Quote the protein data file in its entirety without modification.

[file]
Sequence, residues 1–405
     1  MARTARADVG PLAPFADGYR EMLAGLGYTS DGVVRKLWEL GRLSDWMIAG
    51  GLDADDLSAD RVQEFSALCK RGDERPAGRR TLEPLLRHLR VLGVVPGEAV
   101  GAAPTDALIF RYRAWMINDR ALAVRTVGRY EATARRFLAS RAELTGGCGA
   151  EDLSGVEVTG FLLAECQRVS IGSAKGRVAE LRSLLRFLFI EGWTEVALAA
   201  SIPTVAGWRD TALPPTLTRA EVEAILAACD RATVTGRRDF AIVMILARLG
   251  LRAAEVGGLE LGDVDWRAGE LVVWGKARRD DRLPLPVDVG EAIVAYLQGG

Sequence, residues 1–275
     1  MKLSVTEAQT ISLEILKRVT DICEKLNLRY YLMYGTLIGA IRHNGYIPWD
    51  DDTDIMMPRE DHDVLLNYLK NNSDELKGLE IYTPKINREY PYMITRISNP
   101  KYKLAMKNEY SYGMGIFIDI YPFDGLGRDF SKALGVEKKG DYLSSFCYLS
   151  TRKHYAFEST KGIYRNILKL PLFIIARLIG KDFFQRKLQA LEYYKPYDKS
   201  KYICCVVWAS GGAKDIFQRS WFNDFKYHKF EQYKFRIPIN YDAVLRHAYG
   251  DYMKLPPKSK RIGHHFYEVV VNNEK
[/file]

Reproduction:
Sequence, residues 1–405
     1  MARTARADVG PLAPFADGYR EMLAGLGYTS DGVVRKLWEL GRLSDWMIAG
    51  GLDADDLSAD RVQEFSALCK RGDERPAGRR TLEPLLRHLR VLGVVPGEAV
   101  GAAPTDALIF RYRAWMINDR ALAVRTVGRY EATARRFLAS RAELTGGCGA
   151  EDLSGVEVTG FLLAECQRVS IGSAKGRVAE LRSLLRFLFI EGWTEVALAA
   201  SIPTVAGWRD TALPPTLTRA EVEAILAACD RATVTGRRDF AIVMILARLG
   251  LRAAEVGGLE LGDVDWRAGE LVVWGKARRD DRLPLPVDVG EAIVAYLQGG

Sequence, residues 1–275
     1  MKLSVTEAQT ISLEILKRVT DICEKLNLRY YLMYGTLIGA IRHNGYIPWD
    51  DDTDIMMPRE DHDVLLNYLK NNSDELKGLE IYTPKINREY PYMITRISNP
   101  KYKLAMKNEY SYGMGIFIDI YPFDGLGRDF SKALGVEKKG DYLSSFCYLS
   151  TRKHYAFEST KGIYRNILKL PLFIIARLIG KDFFQRKLQA LEYYKPYDKS
   201  KYICCVVWAS GGAKDIFQRS WFNDFKYHKF EQYKFRIPIN YDAVLRHAYG
   251  DYMKLPPKSK RIGHHFYEVV VNNEK